Distinctive looks require adventure and attitude


October 03, 1991|By MARY COREY

Growing up, Claire Hecht reluctantly followed the teen trendmill, living in Lacoste shirts and Levis like her classmates. But when friends started donning turtlenecks with little red strawberries on them, Ms. Hecht decided she'd had enough. It was time to break out on her own.

More than a decade later, she has cultivated a style that's funky, flamboyant and truly original. Maybe it's the way she mixes a Moschino leather jacket with a Salvation Army shirt. Or how she confidently experiments with the back-to-the-'60s trend -- wearing frosted lipstick, serious black eyeliner and a modified beehive -- in a city that doesn't always realize that's retro fashion. But this much is certain: You only have to meet Claire Hecht once to realize her style makes a lasting impression.

Style, like beauty or truth, is hard to define. It's not always a matter of money. In fact, it can be revealed in something as simple as the way a woman wears a $10 shirt; yet it can prove elusive to those who can afford haute couture. Women like Jackie Onassis, Diana Ross and Katharine Hepburn embody it; others like Roseanne Arnold and Kim Basinger seem destined to lumber through life -- and awards shows -- without it.

"Style comes from wearing your clothes, rather than having your clothes wear you," explains Ray Mitchener, who's worked with someof Baltimore's most fashionable women as buyer-manager of the exclusive boutique Ruth Shaw in the Village of Cross Keys. "It's a woman's attitude . . . if she feels confident about who she is."

While the naturally chic make even a T-shirt and jeans look new, there's hope for others who lack that unstudied air. Style, it seems, can be learned. When several well-dressed women in Baltimore were asked to analyze their personal style, each readily admitted that the road to looking good had included a few wrong turns.

But they learned from those mistakes, going on to create signature looks by accentuating one element of dressing -- from the artist who loves color to the doctor who lives in classics to Ms. Hecht who makes accessories a must.

On the whole, it was surprising how much these women had in common. They talked about building wardrobes around three or four basic colors -- most often navy, black, beige and red -- and investing in quality blazers, trousers and suits they often keep for 10 years or more. Accessories were where they looked for real buys.

And while expensive stores like Ruth Shaw and Saks Fifth Avenue were mentioned as local favorites, many women also said they frequent the moderately priced Banana Republic and the Gap in search of fashion finds.

Perhaps no one combines the au courant and the secondhand better than Ms. Hecht.

A collector of Kenneth Lane jewelry, she often spends weekends hunting through flea markets and yard sales in search of pins, necklaces or bracelets to complement the '60s hair styles and body-hugging outfits by Italian designer Azzedine Alaia she currently favors. She once even removed the shoe buckles from a pair of well-worn pumps to make into bracelets.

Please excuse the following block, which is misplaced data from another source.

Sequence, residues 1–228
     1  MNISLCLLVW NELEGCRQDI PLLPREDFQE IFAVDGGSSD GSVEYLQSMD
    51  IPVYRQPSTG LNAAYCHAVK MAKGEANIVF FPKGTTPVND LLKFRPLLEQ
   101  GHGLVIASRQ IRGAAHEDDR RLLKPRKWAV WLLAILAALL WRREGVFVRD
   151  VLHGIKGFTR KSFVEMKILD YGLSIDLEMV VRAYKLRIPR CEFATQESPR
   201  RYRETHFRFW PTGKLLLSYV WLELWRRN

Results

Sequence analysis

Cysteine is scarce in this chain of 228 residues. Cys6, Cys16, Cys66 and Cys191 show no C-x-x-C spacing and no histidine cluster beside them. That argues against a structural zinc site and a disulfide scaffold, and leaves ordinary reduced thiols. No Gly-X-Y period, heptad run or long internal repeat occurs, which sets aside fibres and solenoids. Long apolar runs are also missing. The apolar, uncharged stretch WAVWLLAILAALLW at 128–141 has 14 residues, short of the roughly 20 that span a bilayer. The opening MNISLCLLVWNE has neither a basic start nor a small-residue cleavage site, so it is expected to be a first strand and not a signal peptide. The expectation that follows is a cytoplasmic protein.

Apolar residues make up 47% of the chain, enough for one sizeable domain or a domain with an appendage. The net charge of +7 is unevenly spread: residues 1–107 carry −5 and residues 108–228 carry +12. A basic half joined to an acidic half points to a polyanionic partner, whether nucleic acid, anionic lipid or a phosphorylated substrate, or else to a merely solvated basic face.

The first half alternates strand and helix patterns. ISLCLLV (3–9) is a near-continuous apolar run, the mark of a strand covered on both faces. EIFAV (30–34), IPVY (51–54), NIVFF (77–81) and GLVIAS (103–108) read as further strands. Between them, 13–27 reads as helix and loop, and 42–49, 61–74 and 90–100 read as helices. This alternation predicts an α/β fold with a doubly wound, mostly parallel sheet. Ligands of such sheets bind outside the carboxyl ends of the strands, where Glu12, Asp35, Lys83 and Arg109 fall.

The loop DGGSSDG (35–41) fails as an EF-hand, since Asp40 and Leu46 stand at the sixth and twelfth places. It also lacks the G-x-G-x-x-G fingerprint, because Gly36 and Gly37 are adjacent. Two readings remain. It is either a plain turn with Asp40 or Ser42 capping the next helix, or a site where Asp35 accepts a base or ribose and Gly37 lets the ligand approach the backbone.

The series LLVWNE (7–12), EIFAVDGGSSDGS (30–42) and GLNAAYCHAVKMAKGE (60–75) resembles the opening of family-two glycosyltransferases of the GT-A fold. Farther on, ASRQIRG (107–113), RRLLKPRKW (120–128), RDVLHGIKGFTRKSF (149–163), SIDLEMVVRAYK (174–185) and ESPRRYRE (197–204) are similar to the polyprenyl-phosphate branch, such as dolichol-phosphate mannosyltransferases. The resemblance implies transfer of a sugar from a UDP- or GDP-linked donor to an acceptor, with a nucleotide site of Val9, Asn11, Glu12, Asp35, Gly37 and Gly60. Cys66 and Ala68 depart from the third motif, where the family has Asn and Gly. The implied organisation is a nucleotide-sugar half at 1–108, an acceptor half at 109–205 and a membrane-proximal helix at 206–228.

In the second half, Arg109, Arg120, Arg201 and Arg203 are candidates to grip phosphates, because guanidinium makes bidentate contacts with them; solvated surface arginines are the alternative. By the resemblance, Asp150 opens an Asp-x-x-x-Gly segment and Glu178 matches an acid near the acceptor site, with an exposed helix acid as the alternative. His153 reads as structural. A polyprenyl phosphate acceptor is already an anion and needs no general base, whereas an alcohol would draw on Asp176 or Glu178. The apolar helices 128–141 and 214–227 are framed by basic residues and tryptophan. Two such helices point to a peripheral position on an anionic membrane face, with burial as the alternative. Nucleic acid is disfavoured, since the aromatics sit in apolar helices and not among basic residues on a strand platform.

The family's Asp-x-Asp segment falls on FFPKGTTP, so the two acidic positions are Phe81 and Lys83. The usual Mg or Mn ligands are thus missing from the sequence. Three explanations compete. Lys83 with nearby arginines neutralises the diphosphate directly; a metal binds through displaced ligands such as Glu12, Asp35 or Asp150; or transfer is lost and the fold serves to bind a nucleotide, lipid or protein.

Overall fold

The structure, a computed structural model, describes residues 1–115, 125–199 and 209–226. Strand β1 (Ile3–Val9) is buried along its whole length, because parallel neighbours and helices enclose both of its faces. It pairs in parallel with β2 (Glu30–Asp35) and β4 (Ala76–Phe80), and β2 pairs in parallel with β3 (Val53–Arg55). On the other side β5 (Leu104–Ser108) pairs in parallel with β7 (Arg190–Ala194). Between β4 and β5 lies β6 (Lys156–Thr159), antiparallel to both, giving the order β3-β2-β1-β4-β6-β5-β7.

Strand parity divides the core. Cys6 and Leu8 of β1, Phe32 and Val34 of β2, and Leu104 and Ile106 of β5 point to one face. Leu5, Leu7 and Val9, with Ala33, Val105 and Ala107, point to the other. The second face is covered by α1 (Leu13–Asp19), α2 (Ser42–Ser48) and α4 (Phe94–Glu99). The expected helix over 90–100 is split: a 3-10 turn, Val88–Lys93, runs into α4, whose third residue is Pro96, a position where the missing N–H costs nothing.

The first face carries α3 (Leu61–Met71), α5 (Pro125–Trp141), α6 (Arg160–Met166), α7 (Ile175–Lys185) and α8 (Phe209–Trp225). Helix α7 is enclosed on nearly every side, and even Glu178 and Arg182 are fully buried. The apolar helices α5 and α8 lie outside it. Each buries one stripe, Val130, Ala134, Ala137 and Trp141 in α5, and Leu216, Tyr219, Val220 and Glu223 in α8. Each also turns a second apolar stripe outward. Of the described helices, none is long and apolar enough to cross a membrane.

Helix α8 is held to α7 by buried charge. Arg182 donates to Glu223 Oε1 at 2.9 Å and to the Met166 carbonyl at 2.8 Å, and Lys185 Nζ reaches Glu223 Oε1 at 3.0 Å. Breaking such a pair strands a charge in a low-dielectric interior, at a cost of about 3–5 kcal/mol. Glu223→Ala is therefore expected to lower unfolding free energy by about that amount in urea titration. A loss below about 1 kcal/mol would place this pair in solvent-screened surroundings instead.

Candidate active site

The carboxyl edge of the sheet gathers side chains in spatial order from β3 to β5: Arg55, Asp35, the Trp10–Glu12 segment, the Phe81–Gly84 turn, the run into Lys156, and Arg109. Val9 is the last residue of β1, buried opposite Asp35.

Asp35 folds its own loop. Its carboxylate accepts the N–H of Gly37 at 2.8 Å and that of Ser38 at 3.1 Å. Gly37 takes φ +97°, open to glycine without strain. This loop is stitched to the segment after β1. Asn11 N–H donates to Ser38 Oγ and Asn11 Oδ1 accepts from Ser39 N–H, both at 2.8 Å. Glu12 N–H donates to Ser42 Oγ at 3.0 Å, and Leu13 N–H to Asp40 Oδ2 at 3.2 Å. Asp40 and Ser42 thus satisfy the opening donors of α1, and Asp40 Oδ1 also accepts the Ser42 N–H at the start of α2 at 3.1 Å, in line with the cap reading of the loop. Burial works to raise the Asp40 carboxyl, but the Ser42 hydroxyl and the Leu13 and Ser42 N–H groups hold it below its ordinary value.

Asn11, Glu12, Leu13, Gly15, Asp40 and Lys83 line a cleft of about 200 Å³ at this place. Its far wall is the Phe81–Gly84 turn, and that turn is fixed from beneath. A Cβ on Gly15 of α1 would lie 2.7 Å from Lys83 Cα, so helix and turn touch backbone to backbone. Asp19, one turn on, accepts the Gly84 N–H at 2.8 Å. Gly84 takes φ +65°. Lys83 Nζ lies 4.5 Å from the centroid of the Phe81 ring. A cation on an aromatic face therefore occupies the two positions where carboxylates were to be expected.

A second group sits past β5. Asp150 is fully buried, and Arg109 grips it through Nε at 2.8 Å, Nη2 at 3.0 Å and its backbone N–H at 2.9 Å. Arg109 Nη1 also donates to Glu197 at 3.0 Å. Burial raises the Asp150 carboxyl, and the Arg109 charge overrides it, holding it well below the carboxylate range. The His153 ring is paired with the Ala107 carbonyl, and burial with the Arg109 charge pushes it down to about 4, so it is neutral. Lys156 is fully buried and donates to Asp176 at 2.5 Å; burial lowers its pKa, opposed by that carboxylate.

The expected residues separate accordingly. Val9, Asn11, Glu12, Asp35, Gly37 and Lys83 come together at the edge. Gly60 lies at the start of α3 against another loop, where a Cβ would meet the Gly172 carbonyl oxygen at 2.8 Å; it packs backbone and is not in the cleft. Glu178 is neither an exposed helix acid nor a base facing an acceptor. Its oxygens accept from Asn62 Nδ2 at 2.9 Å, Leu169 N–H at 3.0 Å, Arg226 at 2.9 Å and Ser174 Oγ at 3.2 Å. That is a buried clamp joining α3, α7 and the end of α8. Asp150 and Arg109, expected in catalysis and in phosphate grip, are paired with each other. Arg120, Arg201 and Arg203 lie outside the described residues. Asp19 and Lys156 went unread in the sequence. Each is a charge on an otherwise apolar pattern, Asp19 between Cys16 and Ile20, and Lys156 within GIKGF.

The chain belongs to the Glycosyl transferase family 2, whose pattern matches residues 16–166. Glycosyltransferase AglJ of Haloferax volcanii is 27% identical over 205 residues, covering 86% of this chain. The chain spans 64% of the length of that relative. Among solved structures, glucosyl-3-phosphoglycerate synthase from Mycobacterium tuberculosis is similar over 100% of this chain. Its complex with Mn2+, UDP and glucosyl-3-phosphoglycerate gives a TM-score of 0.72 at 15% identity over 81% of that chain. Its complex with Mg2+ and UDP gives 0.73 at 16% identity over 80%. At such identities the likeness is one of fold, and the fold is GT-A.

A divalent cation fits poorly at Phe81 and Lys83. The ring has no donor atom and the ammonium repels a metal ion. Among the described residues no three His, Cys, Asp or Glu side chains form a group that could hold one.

Her goal is to never take style too seriously. "A lot of the things I have I'm winking behind," says the 30-year-old vice president of U.S. Tag and Label printing company in East Baltimore. "You have to realize it's all in fun. There's a little fantasy in it, too. You're going out and you're exploring a little side of you that interests you."

For artist Martha Macks, color holds the most interest.

My clothes, she says, "are like a paint palette to me."

She often layers eye-popping primaries over basic black. And while most people mix pieces in the same way, Ms. Macks is known for never wearing anything quite the same way twice. For example, she'll pair a tailored Armani jacket with Lycra workout leggings. And when her 6-year-old Sonia Rykiel dress began to look old, she updated it by having the mid-calf length altered to above the knee.

"Clothes are so expensive that I wear everything to death," says the 37-year old Stevenson painter.

The high cost of clothing is also a primary reason why Dr. Margaret Fountain has built her wardrobe about "classics with a flair.

"They look good all the time . . . and they last," says the thirtysomething rheumatologist who lives and works in Cross Keys.

With little time to shop, Dr. Fountain, who happens to be a former model, has come to depend on designers Calvin Klein and Donna Karan and a few trips to Bergdorf Goodman and Bloomingdale's in New York to see her through a season.

"I care about myself, so I want that to show," she says. "If I've been up all night, the natural thing for me to do is to try to look great the next day. It's a stimulant."

Although she has abandoned the wild hats and suits she wore during her days as a twentysomething student, she still wishes she would work a bit more whimsy into her wardrobe.

Even on weekends, when she's dressed in silk pants and tops, friends tease her about looking too formal, she says.

Why are there so many different ideas about style?

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